In 2001, Portugal became the first country to completely decriminalize the consumption of all illicit substances, reported Amherst College's The Common. Rather than being arrested, those caught with a personal supply might be given a warning, assessed a small fine, or sent to have a chat with a local dissuasion commission—a doctor, a lawyer, and a social worker—about treatment, harm reduction, and support services available to them.
A bold stance was taken, an opioid crisis stabilized, and the ensuing years saw dramatic drops in problematic drug use, HIV and hepatitis infection rates, overdose deaths, drug-related crime, and incarceration rates. HIV infection rates, for example, plummeted from an all-time high in 2000 of 104.2 new cases per million to 4.2 cases per million in 2015. The data from what is now a decade and a half of largely positive results have been studied and held up as example, and have given weight to harm-reduction movements around the globe. It’s misleading, however, to credit these positive results entirely to a change in law.
Portugal’s remarkable recovery, and the fact that it has held steady through several changes in government—including conservative leaders who would have rather ushered in a return of the War on Drugs—could not have happened without an enormous cultural shift and collective change of heart around how the country viewed drugs, addiction, and itself. In many ways, the law was merely a reflection of transformations that were already happening in clinics, in pharmacies, and around kitchen tables across the country.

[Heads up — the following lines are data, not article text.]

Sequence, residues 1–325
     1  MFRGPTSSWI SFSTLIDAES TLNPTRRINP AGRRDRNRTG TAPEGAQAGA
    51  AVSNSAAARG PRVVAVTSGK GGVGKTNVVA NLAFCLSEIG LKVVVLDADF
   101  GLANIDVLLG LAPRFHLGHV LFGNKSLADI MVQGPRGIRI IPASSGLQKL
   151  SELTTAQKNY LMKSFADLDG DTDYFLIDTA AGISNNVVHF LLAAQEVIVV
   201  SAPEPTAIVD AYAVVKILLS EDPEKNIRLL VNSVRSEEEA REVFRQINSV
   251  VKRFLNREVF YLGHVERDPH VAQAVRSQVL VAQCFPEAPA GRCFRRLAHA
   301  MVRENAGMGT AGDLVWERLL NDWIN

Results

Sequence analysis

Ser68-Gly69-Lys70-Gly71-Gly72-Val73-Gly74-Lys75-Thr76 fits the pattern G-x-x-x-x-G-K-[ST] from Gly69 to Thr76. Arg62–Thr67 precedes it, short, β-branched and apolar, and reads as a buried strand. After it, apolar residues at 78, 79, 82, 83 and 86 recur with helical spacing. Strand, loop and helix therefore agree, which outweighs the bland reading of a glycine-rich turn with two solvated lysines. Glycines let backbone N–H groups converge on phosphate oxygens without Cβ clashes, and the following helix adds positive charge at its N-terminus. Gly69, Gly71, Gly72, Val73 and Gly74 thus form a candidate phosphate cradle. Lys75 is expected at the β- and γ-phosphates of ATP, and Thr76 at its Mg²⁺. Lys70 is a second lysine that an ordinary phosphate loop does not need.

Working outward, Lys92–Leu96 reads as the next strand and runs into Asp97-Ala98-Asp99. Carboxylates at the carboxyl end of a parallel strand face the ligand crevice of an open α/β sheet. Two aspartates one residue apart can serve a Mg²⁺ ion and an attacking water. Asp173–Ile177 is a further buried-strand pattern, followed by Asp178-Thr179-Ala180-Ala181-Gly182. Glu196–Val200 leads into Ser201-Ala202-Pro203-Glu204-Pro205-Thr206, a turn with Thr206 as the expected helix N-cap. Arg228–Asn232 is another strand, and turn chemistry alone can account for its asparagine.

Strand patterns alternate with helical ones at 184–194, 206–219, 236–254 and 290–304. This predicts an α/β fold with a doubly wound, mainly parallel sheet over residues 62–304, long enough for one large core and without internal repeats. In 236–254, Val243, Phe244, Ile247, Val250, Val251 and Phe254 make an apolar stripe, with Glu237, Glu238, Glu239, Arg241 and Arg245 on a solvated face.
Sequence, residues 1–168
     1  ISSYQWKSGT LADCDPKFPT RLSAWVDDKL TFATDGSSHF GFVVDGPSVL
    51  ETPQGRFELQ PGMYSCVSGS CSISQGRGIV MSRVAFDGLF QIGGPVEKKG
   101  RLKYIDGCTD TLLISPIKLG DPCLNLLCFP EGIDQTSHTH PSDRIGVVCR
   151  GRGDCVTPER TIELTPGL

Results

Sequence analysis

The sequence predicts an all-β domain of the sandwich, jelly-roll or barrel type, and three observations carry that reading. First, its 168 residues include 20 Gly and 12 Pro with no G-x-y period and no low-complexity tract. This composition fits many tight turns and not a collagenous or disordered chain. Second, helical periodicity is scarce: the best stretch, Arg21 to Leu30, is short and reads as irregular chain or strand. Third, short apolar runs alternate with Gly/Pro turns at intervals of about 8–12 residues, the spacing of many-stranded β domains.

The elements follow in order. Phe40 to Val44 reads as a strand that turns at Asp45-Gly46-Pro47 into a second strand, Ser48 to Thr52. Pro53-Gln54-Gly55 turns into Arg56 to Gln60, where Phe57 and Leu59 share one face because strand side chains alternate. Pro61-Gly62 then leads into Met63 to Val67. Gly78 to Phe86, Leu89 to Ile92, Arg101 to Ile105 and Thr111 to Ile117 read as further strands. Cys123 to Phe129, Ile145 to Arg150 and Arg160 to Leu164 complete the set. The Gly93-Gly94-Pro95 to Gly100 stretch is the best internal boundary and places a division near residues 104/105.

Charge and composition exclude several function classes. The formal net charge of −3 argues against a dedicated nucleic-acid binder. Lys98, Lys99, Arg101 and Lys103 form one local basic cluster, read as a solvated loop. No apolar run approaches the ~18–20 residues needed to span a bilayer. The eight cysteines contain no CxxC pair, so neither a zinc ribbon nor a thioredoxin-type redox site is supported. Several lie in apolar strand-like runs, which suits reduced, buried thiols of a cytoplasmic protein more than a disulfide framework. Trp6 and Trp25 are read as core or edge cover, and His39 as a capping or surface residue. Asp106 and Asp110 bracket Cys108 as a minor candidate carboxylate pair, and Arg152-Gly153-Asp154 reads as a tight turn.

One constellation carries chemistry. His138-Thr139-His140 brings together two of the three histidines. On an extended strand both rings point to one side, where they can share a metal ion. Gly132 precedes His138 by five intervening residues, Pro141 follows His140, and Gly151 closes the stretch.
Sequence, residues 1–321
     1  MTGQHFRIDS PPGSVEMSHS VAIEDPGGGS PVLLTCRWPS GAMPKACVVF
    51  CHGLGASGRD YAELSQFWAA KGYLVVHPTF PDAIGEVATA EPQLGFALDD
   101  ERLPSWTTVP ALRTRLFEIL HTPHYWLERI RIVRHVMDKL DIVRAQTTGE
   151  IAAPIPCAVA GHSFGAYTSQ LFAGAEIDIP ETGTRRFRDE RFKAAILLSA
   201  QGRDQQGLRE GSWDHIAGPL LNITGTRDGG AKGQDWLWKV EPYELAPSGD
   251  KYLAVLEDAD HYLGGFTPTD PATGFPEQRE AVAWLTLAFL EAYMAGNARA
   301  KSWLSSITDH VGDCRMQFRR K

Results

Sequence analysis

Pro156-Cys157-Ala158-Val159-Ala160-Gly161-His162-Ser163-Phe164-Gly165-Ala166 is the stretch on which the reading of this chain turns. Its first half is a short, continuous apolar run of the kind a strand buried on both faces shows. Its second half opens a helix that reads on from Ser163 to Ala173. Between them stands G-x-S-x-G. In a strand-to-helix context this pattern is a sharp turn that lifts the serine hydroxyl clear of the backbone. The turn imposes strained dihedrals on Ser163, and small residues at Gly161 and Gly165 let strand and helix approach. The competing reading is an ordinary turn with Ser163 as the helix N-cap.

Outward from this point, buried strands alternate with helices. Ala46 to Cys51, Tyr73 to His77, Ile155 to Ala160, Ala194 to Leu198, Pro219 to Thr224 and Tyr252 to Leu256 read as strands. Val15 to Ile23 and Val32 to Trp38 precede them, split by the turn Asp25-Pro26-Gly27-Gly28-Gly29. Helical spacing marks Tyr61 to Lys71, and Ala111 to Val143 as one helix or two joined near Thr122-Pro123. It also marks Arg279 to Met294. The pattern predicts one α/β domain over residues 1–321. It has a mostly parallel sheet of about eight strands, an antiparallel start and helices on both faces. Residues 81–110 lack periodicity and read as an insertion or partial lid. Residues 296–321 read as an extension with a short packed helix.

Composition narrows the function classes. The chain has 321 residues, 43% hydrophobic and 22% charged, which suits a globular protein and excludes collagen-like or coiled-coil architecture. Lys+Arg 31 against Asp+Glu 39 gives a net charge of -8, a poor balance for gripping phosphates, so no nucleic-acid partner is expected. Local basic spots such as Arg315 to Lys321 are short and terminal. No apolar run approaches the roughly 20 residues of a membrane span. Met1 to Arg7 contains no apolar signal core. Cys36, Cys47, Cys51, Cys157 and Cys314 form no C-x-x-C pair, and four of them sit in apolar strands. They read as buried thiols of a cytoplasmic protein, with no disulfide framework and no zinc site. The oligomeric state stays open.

Decriminalization as an official policy allowed for the pooled support and interconnection of a broad range of health, psychological, employment, housing, social, and cultural services that were already grasping to work together to serve their communities, like in Olhão. The language people used began to shift, too. Those who were referred to sneeringly as “drogados”—“junkies”—became known more broadly, more sympathetically, and more accurately as “people who use drugs” or “people with addiction disorders.” This, too, was crucial.
Portugal’s story also serves as a warning bell.
The Portuguese opioid addiction epidemic was contained, not made to disappear. The consequences of the eighties and nineties weigh heavily today, as the oldest generation of chronic users and ex-users grapple with complications that include hepatitis C, cirrhosis, and liver cancer. The long-term costs of problematic drug use are a burden on a public healthcare service that is still struggling to recover from a recession filled with cutbacks.
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